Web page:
A Short History of the Toronto Medical Historical Club
The idea that a history of medicine club should be organized in Toronto was the brainchild of Professor James Wellington Crane of London Ontario while visiting in Toronto with Dr. Paul O’Sullivan. On January 24, 1924, the first meeting was held at the home of Dr. Jabez Elliott. Present were Drs. P. O’Sullivan, H.B. Anderson, John N.E. Brown, Arnold Clarkson, George Porter, James Crane, George S. Brett, Horace Speakman, Hardolph Wasteneys, and Sir Bertram Windle. Dr. Elliott was installed in the chair, Dr. O’Sullivan was elected secretary and Professor Crane, Sir Bertram Windle, and Judge William Riddell were named honorary members.
The membership was almost immediately expanded to include Drs. Harold Tovell, Norman Gwyn, and Sir Frederick Banting and Professors Oskar Klotz and Playfair McMurrich. The number of members at any given time has ranged from fourteen to twenty. Since its inception, the club has met regularly during the winter months, usually five or six times a year. Each meeting is usually held at the home of a member and it is the host’s responsibility to present a paper.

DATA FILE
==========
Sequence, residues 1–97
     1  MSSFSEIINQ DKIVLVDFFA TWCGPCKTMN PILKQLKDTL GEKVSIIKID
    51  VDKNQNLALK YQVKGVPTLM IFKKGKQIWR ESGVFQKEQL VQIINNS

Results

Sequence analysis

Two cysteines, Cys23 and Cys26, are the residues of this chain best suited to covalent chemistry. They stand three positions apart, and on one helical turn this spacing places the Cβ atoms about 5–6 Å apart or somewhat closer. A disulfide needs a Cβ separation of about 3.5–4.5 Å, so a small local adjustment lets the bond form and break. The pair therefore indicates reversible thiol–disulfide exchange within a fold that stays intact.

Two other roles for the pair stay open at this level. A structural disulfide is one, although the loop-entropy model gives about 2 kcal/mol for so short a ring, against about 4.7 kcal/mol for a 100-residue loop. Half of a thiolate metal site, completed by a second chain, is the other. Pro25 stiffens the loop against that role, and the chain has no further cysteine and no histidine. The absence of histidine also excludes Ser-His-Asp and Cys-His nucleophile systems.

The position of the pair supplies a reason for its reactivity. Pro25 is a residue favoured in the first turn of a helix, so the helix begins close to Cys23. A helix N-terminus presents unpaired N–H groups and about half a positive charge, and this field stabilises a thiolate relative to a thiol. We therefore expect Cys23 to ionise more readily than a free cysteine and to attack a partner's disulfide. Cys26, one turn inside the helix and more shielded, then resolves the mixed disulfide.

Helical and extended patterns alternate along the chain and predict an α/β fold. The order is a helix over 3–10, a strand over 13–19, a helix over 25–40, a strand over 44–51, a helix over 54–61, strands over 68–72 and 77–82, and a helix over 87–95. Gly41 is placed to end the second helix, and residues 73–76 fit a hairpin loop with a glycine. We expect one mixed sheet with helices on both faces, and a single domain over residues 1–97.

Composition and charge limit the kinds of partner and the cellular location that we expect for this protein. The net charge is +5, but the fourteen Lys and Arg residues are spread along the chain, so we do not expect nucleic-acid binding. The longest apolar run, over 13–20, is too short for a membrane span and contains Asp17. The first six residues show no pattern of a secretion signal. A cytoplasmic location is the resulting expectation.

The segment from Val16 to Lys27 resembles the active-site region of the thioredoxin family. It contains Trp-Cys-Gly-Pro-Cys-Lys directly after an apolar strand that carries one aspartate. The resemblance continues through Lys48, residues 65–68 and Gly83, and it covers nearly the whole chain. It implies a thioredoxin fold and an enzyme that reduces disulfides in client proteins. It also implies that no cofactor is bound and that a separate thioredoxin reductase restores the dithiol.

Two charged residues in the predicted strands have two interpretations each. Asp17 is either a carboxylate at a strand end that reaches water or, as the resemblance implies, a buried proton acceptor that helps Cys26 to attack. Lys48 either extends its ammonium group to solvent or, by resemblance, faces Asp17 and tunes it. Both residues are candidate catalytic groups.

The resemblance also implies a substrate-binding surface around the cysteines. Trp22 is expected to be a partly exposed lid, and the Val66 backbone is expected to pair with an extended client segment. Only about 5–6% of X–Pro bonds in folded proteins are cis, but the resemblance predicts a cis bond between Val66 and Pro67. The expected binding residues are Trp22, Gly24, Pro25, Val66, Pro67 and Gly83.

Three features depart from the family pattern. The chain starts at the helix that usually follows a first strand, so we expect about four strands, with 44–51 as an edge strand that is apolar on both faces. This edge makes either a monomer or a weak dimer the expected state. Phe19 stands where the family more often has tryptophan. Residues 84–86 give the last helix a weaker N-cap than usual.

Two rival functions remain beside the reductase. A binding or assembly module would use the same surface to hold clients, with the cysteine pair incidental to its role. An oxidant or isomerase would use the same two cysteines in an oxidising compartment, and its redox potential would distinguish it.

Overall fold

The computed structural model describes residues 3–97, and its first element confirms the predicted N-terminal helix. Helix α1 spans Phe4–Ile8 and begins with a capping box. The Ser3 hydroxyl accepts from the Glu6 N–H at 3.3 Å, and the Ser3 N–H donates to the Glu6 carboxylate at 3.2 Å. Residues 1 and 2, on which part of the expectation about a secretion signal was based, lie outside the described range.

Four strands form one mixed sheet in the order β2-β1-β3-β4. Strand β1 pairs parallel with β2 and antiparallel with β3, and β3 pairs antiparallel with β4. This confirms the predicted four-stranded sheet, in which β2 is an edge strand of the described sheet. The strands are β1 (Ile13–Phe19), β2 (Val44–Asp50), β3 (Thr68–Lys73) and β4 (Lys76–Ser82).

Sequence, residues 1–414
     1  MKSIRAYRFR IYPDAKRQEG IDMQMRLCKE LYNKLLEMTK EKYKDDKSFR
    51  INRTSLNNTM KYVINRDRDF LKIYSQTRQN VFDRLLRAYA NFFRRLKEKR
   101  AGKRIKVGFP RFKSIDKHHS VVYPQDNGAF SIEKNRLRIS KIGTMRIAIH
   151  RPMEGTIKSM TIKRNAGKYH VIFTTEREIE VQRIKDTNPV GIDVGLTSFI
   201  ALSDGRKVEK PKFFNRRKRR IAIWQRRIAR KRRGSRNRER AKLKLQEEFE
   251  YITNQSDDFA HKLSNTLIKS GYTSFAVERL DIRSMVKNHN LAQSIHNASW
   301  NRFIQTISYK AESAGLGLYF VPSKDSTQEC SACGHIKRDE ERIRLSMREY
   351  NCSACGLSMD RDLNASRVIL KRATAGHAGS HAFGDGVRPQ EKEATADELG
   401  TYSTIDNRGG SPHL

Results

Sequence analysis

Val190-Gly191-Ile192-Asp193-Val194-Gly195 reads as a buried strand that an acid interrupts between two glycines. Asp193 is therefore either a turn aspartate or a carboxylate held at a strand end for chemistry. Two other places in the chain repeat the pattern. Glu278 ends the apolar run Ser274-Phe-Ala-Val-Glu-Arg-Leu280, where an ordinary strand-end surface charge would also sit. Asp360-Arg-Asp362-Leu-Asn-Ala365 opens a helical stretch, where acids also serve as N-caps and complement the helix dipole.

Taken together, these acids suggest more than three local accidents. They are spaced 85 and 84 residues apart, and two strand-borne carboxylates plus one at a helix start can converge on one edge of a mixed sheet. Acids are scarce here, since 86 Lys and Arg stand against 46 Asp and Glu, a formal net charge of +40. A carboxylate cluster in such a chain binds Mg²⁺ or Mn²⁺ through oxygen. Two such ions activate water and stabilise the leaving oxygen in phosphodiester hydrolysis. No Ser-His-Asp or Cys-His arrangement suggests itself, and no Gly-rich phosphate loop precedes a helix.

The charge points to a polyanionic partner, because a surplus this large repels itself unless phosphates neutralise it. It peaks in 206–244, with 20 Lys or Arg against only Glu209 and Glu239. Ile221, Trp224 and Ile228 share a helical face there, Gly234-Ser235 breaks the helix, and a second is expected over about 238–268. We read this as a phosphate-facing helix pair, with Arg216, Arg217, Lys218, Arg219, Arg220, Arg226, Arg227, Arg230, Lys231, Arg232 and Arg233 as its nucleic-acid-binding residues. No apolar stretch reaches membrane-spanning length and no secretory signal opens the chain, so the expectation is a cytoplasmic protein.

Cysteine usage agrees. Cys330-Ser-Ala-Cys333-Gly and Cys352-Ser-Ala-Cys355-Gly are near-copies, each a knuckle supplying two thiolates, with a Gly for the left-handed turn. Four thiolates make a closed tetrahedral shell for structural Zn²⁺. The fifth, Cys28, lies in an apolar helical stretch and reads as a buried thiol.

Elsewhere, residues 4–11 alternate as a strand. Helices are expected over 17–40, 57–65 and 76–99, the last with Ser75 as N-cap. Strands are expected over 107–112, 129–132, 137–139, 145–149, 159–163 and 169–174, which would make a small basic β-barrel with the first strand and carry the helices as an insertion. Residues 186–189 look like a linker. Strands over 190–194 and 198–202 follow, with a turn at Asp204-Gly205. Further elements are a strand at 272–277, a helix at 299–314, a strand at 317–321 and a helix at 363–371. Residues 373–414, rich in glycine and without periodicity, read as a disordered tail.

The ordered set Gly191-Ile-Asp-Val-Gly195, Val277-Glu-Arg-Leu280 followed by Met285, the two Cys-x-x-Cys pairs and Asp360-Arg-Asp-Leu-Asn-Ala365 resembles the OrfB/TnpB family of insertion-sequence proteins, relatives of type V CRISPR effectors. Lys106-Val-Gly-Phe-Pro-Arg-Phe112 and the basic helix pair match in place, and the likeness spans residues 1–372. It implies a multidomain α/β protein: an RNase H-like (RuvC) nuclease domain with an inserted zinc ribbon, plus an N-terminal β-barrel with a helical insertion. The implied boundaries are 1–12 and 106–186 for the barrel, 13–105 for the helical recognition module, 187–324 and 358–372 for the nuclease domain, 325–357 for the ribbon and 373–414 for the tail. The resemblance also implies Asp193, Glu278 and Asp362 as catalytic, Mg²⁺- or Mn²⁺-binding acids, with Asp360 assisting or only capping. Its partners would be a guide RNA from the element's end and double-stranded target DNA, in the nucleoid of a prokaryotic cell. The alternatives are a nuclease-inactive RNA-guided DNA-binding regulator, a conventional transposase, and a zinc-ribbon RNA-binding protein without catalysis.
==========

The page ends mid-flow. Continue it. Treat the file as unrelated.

The spirit of Sir William Osler has always been a strong influence on the club. In 1930 his nephew, Dr. Norman Gwyn, a charter member presented to the club a gavel made of wood taken from the ruins of Sir William’s homestead in Bond Head, Ontario. On July 12, 1961, the club erected a cairn on the site of the rectory which was Osler’s birthplace.
Original text by Arthur Gryfe